Under the First Component of RAD, PHAs may choose between two forms of Section 8 Housing Assistance Payment (HAP) Contracts: project-based vouchers (PBVs) or project-based rental assistance (PBRA). No incremental funds are authorized for this component. As such, initial contract rents are established based on public housing funding levels, and are subject to applicable program rent caps. Applications may be submitted for a specific project (using the RAD Application), a PHA-defined portfolio of projects, or a multi-phase project. If a PHA applies for either a portfolio or multi-phase award, HUD will reserve RAD conversion authority for the projects or phases covered by the award, and the PHA will be required to submit a RAD Application for each individual project or phase. Following review and selection of a RAD Application, HUD will provide the PHA with a Commitment to enter into a Housing Assistance Payment (CHAP), after which the PHA will have to present a Financing Plan for HUD to approve. After HUD approval of the Financing Plan and successful closing of the conversion, a project will receive a long-term Section 8 HAP Contract. Upon conversion, units whose assistance has been converted pursuant to RAD will be removed from the public housing program. Converting Projects will be released from the public housing Declaration of Trust (DOT) and the Declaration of Restrictive Covenants (DORCs), if applicable, and a RAD Use Agreement will be placed on the Covered Project.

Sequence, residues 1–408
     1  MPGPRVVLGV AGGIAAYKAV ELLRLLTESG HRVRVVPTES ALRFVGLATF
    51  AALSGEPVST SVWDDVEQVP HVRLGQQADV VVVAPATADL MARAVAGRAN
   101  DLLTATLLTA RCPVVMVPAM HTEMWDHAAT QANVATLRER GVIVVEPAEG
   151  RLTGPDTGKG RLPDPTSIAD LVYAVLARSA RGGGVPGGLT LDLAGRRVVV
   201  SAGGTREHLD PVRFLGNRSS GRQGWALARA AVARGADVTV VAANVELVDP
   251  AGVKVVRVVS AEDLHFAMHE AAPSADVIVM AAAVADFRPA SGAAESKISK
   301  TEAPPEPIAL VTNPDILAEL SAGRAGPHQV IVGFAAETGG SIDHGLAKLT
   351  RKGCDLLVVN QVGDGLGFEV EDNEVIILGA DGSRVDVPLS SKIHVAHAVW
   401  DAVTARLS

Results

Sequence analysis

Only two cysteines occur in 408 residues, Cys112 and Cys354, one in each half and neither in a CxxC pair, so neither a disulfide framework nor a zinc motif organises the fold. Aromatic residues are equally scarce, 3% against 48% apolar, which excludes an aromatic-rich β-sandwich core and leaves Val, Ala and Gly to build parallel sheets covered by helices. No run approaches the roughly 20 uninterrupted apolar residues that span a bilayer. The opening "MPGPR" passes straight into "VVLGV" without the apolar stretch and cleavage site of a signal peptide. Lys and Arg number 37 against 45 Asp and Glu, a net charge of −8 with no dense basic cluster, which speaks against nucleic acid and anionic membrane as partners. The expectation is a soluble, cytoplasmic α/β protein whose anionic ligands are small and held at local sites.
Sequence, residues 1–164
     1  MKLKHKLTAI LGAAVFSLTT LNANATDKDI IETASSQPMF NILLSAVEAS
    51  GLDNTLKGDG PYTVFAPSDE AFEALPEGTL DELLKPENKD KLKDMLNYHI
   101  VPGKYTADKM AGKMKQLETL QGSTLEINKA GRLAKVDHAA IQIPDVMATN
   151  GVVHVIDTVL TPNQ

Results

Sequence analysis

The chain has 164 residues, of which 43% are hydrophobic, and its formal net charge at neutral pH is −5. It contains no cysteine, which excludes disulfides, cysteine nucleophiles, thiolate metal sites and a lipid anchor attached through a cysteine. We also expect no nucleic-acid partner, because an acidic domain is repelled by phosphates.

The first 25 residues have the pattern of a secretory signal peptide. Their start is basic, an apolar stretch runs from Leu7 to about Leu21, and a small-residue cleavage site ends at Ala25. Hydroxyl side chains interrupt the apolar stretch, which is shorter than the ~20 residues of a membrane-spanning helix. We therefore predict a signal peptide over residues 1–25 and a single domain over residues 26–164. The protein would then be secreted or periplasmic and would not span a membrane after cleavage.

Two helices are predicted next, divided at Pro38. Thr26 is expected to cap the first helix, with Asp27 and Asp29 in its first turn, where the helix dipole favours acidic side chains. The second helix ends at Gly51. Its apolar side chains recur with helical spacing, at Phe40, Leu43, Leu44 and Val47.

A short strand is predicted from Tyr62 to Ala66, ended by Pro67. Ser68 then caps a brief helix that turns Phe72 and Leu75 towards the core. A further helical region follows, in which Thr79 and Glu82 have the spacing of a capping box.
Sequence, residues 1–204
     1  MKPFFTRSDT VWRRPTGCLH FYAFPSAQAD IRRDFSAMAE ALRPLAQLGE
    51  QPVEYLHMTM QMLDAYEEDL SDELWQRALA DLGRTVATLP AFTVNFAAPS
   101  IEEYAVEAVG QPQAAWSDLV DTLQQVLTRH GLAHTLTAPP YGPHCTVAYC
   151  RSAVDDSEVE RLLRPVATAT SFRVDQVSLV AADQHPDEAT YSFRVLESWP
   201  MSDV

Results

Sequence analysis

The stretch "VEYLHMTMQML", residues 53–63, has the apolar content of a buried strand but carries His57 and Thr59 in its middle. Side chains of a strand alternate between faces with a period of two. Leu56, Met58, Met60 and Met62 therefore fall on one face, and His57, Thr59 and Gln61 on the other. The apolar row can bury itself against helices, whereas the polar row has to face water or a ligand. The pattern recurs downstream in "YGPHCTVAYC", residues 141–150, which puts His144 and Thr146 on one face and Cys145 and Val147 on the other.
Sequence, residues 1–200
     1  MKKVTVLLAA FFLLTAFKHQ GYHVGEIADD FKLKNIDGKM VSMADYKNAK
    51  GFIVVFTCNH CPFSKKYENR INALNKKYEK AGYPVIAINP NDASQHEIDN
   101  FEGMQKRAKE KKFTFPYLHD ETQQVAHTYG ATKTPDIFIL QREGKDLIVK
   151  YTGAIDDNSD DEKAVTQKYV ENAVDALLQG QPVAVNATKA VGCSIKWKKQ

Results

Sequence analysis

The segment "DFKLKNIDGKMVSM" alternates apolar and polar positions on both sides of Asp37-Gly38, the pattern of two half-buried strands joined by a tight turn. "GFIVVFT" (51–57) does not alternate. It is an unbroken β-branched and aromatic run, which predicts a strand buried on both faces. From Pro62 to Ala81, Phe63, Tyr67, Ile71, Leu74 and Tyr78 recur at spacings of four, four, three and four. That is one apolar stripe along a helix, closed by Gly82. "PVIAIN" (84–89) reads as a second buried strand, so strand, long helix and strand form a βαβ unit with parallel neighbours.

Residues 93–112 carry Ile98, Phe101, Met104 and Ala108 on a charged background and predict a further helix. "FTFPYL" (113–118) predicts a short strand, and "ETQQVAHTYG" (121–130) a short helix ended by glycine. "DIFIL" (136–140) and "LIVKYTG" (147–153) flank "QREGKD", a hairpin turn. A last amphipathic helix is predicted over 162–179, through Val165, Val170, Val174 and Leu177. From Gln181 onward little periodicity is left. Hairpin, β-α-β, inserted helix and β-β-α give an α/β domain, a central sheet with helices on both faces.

Under the Demonstration, HUD has the authority to waive statutory and regulatory provisions governing the PBV program, or to establish alternative requirements for the effective conversion of assistance. Additionally, the RAD Statute imposes certain unique requirements and authorizes HUD to establish requirements for converted assistance under the Demonstration.
Listed below are the “special” requirements applicable to public housing projects converting assistance to long-term PBV assistance under the First Component of the Demonstration, with reference to the affected statute and/or regulation, where applicable. Special requirements are grouped into four categories: Project Selection, Contract Terms, Resident Rights and Participation, and Other Miscellaneous Provisions. All other regulatory and statutory requirements of the PBV program in 24 CFR part 983 and section 8(o)(13) of the Act apply, including environmental review, lead-based paint requirements, Davis-Bacon, and fair housing requirements.